Christoph Buchel: Home Affairs
at TBA Exhibition Space, through May 23
at Bodybuilder and Sportsman, through May 16
By Fred Camper
Christoph Buchel asked me not to write a conventional review, requesting instead a work of fiction inspired by his installation. But even before he made his request I'd recommended his show to friends without describing it. So if you love surprises, stop reading here and simply head off to TBA, to one of the most unusual exhibits ever to hit this town.
The terms "exhibit" and "installation" don't quite capture the piece's enveloping weirdness. In Home Affairs, Buchel, a 31-year-old Swiss, has replaced part of TBA's front room with a cramped, cluttered apartment whose rooms snake toward TBA's offices. The door to the gallery is now labeled "3B," and as you enter, a small, hallway-type window to your right looks out on the street while on your left is a long, narrow entranceway--the claustrophobic opposite of TBA's large loft space. Huge piles of newspapers line one side of the hallway, many of which have fallen to the floor; at the end of the hall you can see what looks like a living room, where TV sounds are accompanied by a television's flickering light.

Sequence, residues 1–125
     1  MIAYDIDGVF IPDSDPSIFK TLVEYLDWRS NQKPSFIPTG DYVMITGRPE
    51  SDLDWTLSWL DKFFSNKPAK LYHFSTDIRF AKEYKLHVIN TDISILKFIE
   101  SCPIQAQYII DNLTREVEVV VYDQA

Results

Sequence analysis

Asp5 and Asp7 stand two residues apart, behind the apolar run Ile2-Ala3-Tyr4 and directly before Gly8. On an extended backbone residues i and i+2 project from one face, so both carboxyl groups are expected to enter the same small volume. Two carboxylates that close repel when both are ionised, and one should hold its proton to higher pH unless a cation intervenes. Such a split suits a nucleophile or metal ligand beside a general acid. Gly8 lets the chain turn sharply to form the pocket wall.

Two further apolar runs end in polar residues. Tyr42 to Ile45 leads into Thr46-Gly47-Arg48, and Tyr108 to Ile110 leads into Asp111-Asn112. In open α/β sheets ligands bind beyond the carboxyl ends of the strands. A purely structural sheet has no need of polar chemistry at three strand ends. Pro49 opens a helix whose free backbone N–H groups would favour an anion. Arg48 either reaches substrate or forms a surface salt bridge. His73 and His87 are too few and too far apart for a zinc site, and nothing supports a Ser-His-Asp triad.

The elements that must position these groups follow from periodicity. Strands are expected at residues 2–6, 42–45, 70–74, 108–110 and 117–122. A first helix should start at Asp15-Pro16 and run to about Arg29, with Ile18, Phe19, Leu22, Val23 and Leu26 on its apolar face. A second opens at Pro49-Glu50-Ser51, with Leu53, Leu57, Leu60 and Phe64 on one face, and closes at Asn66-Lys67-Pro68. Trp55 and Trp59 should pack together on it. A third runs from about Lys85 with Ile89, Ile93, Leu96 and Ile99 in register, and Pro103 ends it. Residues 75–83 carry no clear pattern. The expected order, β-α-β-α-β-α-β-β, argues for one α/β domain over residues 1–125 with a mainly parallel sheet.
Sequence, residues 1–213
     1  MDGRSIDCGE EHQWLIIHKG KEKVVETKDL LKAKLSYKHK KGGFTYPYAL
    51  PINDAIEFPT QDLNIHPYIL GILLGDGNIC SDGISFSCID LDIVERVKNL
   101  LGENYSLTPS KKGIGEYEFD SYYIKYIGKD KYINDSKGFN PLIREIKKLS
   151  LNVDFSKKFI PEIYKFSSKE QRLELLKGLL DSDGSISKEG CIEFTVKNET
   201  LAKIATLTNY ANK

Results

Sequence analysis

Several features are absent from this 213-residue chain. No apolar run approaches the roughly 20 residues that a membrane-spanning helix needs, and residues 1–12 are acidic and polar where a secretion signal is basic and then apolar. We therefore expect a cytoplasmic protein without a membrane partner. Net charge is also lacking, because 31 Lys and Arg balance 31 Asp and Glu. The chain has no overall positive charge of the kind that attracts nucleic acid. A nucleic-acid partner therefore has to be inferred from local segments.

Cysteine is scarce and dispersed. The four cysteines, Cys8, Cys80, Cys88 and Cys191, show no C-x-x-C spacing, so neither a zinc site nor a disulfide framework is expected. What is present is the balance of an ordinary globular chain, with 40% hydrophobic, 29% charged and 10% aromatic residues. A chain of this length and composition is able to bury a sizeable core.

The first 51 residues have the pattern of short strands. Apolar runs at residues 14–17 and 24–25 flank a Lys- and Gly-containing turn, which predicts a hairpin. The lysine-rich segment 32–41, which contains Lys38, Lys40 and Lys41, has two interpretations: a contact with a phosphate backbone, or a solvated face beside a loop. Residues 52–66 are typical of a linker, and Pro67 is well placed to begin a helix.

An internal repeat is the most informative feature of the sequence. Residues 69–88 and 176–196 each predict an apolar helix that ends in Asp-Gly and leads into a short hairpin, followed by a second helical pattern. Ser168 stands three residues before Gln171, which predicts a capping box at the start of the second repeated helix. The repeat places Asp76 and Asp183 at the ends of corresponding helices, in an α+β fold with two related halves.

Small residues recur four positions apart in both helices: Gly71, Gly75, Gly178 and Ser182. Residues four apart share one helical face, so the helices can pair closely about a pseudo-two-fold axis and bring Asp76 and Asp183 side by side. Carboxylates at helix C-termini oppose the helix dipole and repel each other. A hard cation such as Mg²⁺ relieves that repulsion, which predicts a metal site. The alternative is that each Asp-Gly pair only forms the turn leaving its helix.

Piles of clothes, books, magazines, food wrappers, and pizza boxes are everywhere. Empty bottles and cans fill a shower stall. The exhibit suggests a specific fictional character: someone who's around 50--there's a 1966 high school yearbook in the living room, below some cheap sports trophies--and misanthropic who never throws anything out and never goes out, spending his days and nights watching TV, eating junk food, and reading newspapers, the National Enquirer, and Balzac.
But despite the suggestion of a story, what's most powerful about Home Affairs is the aesthetic issue it raises. By creating an installation that engulfs the viewer, Buchel risks a plunge into formlessness. There's no framed picture here, no composition you can step back from and put in perspective; instead the work surrounds you. And it's chaotic. What saves the piece from becoming a mere imitation of a messy home is the degree of formal control BŸchel exercises over the chaos.